“What’s the difference between me and you?” the three MCs from the T.Dot Bangerz Brass band ask, performing a bombastic cypher of Dr. Dre’s “What’s the Difference.” The difference between these three rappers and most modern hip-hop artists is that they’re backed by a full brass band complete with trumpets, saxophones, trombone, drums and even a sousaphone.
The Bangerz Brass have been forging this unique mix of brass band music and hip-hop for two years now, coming up busking on the streets of Toronto. They’re just one example of the crossover between jazz and hip-hop; recently, artists such as Kendrick Lamar, Tyler the Creator, Lizzo, Kamasi Washington, to name a few, have been pulling influences from jazz, soul and funk into the mainstream pop consciousness.
To the uninitiated, jazz and hip-hop might seem like an odd combination. They’re two completely different sounds, originating from opposite sides of the last century.
“People say hip-hop is jazz. And in some ways, yeah,” says Donny Milwalkee, a former member and one of the original founders of the Bangerz Brass.
“Honestly, I don’t find that there’s a similarity between the two, I find them super different — completely different aesthetics and performance styles. They’re as similar as jazz and Cuban music, which is a super-common kind of fusion. But they work together so well. I think it’s more about the intersection than a similarity.”
Along with running a non-profit organization for accessible music education, Milwalkee now runs two bands of his own: the Dirty B-Sides, a hard hitting hip-hop band, and Game.Set.Trap., a band that does jazz arrangements of modern hip-hop and R&B favourites. He’s a busy guy, but when he’s behind the kit it’s effortless.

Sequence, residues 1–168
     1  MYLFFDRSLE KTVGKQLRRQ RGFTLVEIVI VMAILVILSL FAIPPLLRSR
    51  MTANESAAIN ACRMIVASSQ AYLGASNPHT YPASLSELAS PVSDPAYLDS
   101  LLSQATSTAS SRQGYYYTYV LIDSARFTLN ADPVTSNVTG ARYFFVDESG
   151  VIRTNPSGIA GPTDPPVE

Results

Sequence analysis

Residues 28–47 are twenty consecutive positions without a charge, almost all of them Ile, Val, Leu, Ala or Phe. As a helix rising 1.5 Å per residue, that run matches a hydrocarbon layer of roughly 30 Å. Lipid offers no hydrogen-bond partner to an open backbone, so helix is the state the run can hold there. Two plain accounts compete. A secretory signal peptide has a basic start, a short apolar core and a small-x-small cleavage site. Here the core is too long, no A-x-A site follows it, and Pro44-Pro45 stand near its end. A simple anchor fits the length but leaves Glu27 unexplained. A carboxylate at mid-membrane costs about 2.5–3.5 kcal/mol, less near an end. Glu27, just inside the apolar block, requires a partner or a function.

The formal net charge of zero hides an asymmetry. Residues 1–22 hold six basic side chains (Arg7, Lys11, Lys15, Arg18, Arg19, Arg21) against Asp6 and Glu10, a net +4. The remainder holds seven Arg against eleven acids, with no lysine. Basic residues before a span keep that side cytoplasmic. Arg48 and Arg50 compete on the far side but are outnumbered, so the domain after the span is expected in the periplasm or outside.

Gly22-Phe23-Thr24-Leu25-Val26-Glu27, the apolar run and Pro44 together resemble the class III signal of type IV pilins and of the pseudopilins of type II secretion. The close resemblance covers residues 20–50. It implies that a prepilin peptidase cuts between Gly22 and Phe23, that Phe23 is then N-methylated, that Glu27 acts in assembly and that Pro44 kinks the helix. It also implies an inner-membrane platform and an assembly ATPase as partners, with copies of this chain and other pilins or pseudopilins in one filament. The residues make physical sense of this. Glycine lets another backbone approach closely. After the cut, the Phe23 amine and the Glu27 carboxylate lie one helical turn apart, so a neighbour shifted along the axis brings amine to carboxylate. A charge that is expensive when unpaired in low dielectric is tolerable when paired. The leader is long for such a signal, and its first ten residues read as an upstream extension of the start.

“The biggest similarity in good stuff? Attitude.” Milwalkee says.
“So much of jazz was coming out of the civil-rights movement. Hip-hop was really the continuation of that.”
Milwalkee explains that jazz served as a tool of expression for Black Americans, as a way to escape and channel their frustration into something creative and beautiful.
“And it’s the same thing with hip-hop,” Milwalkee said. “Hip-hop is just a little bit more brash and a little in-your-face, and you can have political messages that are blatant that everyone can get.”
Max Forster, trumpet player and general manager of the Bangerz Brass, shares similar sentiments.
“There’s an element in [brass band] music of joy, of putting things out to the world and of expressing yourself as loudly as you’d like and as brightly as you want.” Forster says.
“We try to incorporate this spirit of brass-band playing, of expression, and of taking up space and transforming a space into something else, and combine it with the hip-hop mentality of, like, ‘This is my expression of my experience.’”
The Bangerz certainly know about taking up space: They performed at the TD Mainstage on Bloor Street at the TD Toronto Jazz Festival on Sunday, June 23, and could be heard busting out their boisterous sound from two blocks away.
Their performance served as a precursor to an event later that evening. Presented by Canadian rapper Shad, the event was centred around the crossover between jazz and hip-hop and featured performances from producer Elaquent, singer Melanie Charles, Oddisee and Good Compny, and of course Shad.